This then raises the issue of state sovereignty in international relations which is beyond the scope of this work. However, the NetWalker ransomware attacks might shed some light on the jurisdiction of the state in combating or handling international crime of this nature. In that case, a collaborative effort between law enforcement officials across states led to the arrest of the attackers. 

Payment of ransomware

One critical aspect of ransomware attacks is the payment of ransom. In most jurisdictions, payment of ransom to criminals involved in kidnapping or hostage situations are not encouraged. Should this same approach be applied or adopted in ransomware attacks  especially where the payment of ransom by the victim is one remote way of assurance of the recovery of stolen data or prevention of its disclosure to third parties?

Well, while there is no general or outright prohibition of ransom payment in the US and UK, however, government and law enforcement officials advise against it. Guidance released by the UK National Cyber Security Center (NCSC) states that UK law enforcement does not encourage, condone or endorse the payment of ransom demands. Notwithstanding this directive, Section 15(3) of the UK Terrorism Act 2000, makes it an offence for anybody to provide money or other property, or invite another to provide money or other property, or receive money or other property with the intention that it will be used, or has reasonable cause to suspect that it may be used for purposes of terrorism.

The Act defines terrorism as the use or threat of one or more of the actions listed below to influence the government, or an international governmental organisation or to intimidate the public. The actions constituting terrorism identified by the Act include any action designed to seriously interfere with or seriously disrupt an electronic system. This definition applies to ransomware attacks which involve the disruption of an electronic system to influence or intimidate an organisation, government or the public. A combined reading of these provisions, therefore, makes a party liable for ransom payment where he knows or reasonably suspects that it will be used for terrorism financing. The party may, however, seek the consent of the National Crime Agency (NCA) prior to carrying out a transaction that will likely result in an offence.

The UK Economic Crime (Transparency Enforcement) Act 2022 also makes it a strict liability offence to make payments to sanctioned individuals or entities like terrorist organisations whether or not the victim has knowledge of the nature of the group or organisation.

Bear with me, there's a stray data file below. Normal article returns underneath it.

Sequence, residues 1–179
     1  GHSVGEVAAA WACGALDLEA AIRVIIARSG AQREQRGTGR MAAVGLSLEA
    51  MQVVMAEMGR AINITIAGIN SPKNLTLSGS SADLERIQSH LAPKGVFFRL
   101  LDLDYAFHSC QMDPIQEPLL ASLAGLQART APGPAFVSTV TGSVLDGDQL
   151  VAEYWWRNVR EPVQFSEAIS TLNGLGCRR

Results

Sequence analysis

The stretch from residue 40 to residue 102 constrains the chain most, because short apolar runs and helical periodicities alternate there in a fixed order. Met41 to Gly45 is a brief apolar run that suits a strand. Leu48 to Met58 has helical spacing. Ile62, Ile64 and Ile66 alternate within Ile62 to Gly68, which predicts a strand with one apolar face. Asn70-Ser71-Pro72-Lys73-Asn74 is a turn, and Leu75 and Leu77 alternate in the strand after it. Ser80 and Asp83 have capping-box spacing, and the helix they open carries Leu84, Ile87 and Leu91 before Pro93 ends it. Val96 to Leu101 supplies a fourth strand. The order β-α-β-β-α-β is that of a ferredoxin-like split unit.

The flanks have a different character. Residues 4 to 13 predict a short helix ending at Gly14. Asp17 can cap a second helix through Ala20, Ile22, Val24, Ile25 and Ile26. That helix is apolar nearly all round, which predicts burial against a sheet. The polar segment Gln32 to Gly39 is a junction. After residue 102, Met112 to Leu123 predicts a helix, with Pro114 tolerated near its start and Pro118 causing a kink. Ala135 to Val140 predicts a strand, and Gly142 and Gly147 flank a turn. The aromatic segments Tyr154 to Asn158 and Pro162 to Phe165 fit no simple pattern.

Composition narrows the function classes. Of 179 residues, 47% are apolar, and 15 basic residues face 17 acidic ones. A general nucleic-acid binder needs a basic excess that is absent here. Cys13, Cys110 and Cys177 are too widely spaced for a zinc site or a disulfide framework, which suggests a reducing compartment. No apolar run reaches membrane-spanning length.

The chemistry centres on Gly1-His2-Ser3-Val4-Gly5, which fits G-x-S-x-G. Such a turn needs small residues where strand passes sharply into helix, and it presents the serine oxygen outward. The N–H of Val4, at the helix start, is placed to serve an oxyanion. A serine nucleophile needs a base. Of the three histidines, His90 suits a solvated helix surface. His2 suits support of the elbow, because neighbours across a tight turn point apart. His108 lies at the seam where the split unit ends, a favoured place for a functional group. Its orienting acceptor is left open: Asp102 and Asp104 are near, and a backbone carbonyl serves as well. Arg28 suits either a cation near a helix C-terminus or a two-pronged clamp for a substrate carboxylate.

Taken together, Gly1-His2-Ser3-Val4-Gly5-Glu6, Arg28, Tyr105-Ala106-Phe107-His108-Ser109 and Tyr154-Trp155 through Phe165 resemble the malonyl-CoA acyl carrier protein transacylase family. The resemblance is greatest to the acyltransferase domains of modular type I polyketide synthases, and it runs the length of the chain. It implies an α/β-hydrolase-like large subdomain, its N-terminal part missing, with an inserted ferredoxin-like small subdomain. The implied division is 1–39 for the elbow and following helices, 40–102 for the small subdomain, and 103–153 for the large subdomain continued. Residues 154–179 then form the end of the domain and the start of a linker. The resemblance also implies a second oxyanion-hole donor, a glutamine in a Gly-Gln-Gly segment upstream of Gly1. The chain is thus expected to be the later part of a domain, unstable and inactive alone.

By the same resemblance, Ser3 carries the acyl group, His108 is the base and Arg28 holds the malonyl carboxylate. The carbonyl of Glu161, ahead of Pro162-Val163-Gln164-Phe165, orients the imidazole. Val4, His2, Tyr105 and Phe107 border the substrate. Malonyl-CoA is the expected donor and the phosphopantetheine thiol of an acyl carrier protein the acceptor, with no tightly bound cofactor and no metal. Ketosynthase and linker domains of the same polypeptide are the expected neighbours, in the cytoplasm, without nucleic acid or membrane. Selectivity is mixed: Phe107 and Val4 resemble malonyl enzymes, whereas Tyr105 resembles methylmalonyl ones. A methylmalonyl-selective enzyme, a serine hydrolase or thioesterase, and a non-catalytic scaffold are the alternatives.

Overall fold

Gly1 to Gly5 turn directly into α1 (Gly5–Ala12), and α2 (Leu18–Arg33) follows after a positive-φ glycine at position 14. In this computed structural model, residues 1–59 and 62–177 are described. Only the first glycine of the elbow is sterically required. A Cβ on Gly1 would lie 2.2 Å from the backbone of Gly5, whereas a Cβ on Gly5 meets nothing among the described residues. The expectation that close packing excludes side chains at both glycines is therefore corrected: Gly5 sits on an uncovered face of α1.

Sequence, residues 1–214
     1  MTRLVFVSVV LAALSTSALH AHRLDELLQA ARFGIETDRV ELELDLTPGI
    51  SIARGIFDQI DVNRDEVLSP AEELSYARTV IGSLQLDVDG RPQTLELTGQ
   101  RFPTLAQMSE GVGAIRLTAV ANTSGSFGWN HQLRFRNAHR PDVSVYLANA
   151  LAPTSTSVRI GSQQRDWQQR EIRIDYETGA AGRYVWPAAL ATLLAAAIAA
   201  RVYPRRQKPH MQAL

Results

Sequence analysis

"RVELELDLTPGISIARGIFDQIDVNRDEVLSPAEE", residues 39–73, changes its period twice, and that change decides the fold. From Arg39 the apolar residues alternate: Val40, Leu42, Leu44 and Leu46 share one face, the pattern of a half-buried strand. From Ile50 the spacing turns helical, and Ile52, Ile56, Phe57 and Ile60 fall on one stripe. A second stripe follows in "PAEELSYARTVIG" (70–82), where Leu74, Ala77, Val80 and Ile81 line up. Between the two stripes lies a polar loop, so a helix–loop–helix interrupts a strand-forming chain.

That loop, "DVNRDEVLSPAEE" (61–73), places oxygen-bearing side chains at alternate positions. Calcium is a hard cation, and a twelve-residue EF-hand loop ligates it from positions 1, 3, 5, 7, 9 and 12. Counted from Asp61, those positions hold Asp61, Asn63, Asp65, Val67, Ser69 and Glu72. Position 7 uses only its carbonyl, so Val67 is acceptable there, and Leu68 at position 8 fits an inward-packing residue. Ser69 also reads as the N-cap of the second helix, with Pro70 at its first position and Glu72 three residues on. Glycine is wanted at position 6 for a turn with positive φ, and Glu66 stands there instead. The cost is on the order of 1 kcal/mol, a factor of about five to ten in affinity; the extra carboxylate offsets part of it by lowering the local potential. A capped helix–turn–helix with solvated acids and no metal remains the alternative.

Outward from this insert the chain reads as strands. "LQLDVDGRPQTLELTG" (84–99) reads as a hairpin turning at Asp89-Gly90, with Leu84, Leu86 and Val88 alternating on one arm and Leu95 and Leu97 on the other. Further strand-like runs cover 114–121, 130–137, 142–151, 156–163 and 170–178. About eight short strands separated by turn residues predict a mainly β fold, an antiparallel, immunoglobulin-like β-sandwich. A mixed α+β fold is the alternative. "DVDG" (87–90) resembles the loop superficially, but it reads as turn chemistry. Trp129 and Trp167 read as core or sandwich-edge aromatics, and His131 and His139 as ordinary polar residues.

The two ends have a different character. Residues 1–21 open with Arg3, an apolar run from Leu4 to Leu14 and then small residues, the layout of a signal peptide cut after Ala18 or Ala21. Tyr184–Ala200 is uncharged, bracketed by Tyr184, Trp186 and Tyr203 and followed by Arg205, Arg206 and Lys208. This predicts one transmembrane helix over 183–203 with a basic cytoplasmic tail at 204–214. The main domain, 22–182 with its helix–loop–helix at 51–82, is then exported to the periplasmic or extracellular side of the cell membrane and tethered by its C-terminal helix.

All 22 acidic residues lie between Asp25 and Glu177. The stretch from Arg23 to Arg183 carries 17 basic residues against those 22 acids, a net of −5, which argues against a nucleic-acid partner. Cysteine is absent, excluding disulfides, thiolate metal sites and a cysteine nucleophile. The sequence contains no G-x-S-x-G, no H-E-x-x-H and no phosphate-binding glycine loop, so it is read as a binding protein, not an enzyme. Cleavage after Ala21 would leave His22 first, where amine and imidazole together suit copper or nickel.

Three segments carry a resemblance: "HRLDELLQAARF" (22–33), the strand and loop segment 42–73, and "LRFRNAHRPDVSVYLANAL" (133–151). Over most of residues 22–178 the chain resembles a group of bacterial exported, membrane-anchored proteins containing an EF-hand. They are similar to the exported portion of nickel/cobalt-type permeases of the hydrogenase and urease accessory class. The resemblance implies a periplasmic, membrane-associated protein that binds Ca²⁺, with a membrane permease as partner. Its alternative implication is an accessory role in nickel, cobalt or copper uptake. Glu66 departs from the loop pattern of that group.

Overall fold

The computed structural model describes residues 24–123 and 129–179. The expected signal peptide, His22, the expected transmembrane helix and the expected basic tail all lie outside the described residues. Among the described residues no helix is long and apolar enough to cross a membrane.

From the foregoing analysis, it is evident that the legal landscape in ransomware attacks is gradually taking shape and evolving. From injunctions against unknown attackers to internationally coordinated actions against the crime, states are definitely poised to put an end to this crime or at best mitigate it.

Prevention and detention 

While it might not be very easy to detect or completely eliminate ransomware attacks considering the sophisticated and evolving nature of the same, there are organisations committed to developing strategies and techniques to detect and avert these attacks. 

Prevention techniques or measures include the setting up and testing of backups, and also applying ransomware protection in security tools such as email protection gateways and endpoints. Intrusion detection systems (IDSs) are also used to detect ransomware command and control and to alert against a ransomware system calling out to a control server. It is also important to train users on these techniques. 

A fallback measure where other preventive defences fail is to stockpile bitcoin. This is commonly used where immediate harm can be brought upon customers or users at the affected organisation. 


Ransomware is one of the most devastating forms of cybercrime. Attackers have successfully extorted huge sums of money (running into millions of dollars) from their victims with the victims willing to pay to avoid exposure or loss of data. It locates and exploits the vulnerabilities in the system, gains unguarded access to the business, infiltrates and progresses inside the system, gets unknown access and control of the data, steals valuable and critical data or locks out the user from the device and then comes the demand for ransom. Predictions reveal an astronomical increase in ransomware attacks and this demands adopting the right measures and techniques some of which are mentioned in this article to detect, prevent or minimise this threat. It is, therefore, time to brace up to the challenge and address this issue head-on. The Strengthening the American Cybersecurity Act has laudable provisions directed at addressing ransomware attacks for example timely reporting of the attacks. Most covered entities or victims of attack however might not be quick to report these attacks for fear of lawsuits arising from a breach of the data in their custody once the attack is publicised. This is where cyber insurance, an emerging concept to protect institutions whose data have been compromised by cyber attacks in this case ransomware attacks in the event of a lawsuit becomes important.